[][src]Module teensy::port

The port, pins and gpio. There are two ways to access the GPIO registers. The first is through a block of 32-bit registers, associated with a port. It looks something like this:

#[repr(C,packed)]
struct Gpio {
    pdor: u32,
    psor: u32,
    pcor: u32,
    ptor: u32,
    pdir: u32,
    pddr: u32
}

This is very convenient to work with, but has an unfortunate flaw. Each of the fields represents all 32 pins in a Port. This means that any pin changes are subject to a race condition during our read/modify/write process. Pins that are owned by a separate piece of code can have an impact on how our pin behaves. Fortunately, ARM has a solution to this. We will take advantage of the bit-band alias. Bit-banding is a feature of certain ARM processors that maps a memory region to one 32 times as large. Each 32-bit word of this larger regions maps to a single bit of the original region. This gives us the capability to set or clear a single bit at a time, without risk of race conditions. If we visualized this as a rust struct, the bit-band alias for the GPIO would look like this:

#[repr(C,packed)]
struct GpioBitband {
    pdor: [u32; 32],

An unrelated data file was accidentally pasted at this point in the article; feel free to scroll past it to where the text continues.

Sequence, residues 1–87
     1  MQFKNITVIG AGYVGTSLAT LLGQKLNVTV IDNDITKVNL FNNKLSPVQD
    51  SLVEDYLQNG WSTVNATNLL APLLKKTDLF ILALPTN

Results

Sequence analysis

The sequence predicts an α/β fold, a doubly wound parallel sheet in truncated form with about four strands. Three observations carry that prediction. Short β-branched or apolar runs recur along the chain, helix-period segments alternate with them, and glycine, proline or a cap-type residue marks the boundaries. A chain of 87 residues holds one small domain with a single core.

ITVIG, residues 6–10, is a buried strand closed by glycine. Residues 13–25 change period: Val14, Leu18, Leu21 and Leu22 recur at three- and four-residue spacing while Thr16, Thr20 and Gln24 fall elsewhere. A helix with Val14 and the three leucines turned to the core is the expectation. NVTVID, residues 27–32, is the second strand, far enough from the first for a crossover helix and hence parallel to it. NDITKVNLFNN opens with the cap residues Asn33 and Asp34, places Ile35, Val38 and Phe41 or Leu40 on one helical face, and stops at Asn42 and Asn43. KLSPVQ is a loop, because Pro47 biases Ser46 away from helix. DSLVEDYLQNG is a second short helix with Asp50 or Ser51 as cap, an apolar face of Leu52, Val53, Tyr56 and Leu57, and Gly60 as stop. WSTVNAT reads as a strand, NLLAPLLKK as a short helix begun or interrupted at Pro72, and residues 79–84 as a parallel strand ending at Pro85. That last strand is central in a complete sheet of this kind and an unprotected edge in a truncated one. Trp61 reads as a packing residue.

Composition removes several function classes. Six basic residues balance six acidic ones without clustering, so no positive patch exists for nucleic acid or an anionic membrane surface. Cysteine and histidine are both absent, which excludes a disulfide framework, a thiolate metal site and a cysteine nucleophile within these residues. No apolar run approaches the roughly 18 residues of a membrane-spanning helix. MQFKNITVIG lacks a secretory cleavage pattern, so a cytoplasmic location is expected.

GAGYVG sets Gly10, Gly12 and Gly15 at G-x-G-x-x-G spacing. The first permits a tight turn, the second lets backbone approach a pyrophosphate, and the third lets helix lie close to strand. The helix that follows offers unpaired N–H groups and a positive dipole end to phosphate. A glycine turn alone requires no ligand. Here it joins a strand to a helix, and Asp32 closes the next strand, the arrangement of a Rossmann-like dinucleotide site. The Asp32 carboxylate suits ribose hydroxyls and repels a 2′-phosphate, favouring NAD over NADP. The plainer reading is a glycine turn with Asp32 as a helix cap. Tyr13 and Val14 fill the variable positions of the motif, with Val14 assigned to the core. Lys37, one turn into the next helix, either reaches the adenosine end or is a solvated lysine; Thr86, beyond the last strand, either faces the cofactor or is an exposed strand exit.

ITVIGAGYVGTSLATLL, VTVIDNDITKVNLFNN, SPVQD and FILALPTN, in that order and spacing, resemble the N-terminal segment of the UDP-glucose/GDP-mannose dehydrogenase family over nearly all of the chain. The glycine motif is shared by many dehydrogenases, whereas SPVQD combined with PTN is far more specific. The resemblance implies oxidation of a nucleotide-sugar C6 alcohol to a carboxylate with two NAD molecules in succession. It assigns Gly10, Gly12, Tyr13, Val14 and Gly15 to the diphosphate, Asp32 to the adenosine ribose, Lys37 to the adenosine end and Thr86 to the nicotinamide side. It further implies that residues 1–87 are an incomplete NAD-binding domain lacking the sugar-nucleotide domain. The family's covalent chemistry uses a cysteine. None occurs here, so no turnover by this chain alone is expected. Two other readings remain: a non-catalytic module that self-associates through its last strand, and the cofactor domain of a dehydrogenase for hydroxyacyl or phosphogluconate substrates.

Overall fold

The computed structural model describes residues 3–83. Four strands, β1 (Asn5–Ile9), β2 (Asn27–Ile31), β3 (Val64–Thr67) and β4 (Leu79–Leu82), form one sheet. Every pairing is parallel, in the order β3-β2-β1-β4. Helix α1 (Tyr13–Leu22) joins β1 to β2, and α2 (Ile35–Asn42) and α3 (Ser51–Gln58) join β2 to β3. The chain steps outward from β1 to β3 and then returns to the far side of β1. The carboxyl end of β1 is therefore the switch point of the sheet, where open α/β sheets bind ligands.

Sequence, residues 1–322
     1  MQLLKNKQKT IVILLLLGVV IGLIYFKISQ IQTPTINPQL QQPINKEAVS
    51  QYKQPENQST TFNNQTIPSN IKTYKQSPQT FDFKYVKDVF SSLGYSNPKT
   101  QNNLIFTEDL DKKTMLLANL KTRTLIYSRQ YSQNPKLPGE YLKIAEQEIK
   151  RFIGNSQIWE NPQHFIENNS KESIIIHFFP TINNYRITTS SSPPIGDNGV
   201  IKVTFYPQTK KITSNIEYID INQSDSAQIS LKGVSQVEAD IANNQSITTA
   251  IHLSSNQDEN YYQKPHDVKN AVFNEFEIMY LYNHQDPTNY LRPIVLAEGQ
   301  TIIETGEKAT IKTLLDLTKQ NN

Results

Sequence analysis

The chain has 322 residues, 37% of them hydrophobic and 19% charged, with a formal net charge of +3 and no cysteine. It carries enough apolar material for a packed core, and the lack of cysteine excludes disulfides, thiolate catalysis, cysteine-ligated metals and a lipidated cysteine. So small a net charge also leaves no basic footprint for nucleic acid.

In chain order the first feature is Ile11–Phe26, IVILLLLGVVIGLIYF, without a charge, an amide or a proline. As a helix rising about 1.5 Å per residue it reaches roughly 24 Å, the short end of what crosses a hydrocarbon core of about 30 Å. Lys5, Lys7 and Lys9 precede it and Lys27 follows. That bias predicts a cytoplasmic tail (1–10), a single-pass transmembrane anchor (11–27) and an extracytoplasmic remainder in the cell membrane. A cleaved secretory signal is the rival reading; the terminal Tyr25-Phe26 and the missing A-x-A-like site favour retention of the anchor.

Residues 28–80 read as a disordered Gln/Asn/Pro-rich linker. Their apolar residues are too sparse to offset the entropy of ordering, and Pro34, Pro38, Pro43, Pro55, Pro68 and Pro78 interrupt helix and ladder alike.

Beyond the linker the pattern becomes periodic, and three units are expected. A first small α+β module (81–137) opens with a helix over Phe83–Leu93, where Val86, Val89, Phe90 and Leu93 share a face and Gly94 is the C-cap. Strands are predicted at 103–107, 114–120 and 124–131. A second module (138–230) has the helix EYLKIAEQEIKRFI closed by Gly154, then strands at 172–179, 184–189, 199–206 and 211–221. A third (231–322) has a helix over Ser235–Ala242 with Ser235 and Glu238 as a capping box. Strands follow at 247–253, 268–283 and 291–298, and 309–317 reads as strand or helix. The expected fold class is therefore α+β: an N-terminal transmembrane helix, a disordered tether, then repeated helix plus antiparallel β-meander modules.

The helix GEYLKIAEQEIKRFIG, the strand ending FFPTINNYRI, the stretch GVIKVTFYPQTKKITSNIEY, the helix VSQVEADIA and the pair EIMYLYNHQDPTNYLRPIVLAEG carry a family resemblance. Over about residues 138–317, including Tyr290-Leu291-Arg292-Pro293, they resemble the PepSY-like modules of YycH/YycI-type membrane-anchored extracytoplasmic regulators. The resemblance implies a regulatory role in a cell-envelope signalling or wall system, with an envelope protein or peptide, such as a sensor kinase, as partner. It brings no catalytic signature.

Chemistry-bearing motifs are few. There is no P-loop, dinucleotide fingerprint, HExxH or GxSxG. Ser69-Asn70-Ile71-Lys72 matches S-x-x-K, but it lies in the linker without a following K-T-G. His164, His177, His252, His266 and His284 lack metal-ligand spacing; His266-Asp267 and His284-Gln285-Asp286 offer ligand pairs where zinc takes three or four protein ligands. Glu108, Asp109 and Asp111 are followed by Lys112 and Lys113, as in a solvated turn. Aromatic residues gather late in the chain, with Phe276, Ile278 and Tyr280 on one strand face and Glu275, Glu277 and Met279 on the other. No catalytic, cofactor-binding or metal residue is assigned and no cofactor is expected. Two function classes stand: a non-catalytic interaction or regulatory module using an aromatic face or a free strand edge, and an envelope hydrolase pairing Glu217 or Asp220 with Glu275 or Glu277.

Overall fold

psor: [u32; 32],
    pcor: [u32; 32],
    ptor: [u32; 32],
    pdir: [u32; 32],
    pddr: [u32; 32]
}

If you are here it's probably because you want to use some pins, here is the step you need to follow:

  1. Identifiying in which port the pin you want to use is located, try looking at this documents: teensy schematic representation For example imagine we want to lighten up the led. On this document we can see that the led is connected to the pin number 13 (on the top right). And at the base of this pin we can read "PT C5", which means that the pin belongs to the port C and is the number 5. We now know we want to use the: port::PortName::C.
  2. Creating a port: let port = port::Port::new(port::PortName::C)
  3. Consumming the port into the right pin: let pin = port.pin(5)
  4. Choosing a mode for the pin, here we want to do normal gpio: let mut led = pin.make_gpio()
  5. Configuring the pin; we want to write data in the pin: gpio.output()
  6. Light the pin: gpio.high()
  7. Enjoy 🎉
let pin = unsafe { port::Port::new(port::PortName::C).pin(5) };
let mut gpio = pin.make_gpio();
gpio.output();
gpio.high();

Modules

macros

Structs

Gpio

Chapter 49: General-Purpose Input/Output (GPIO) doc/teensy_3.2.pdf - Page 1331

Pin
Port

11.1.4 Memory map and register definition doc/teensy_3.2.pdf - Page 221

Enums

PortName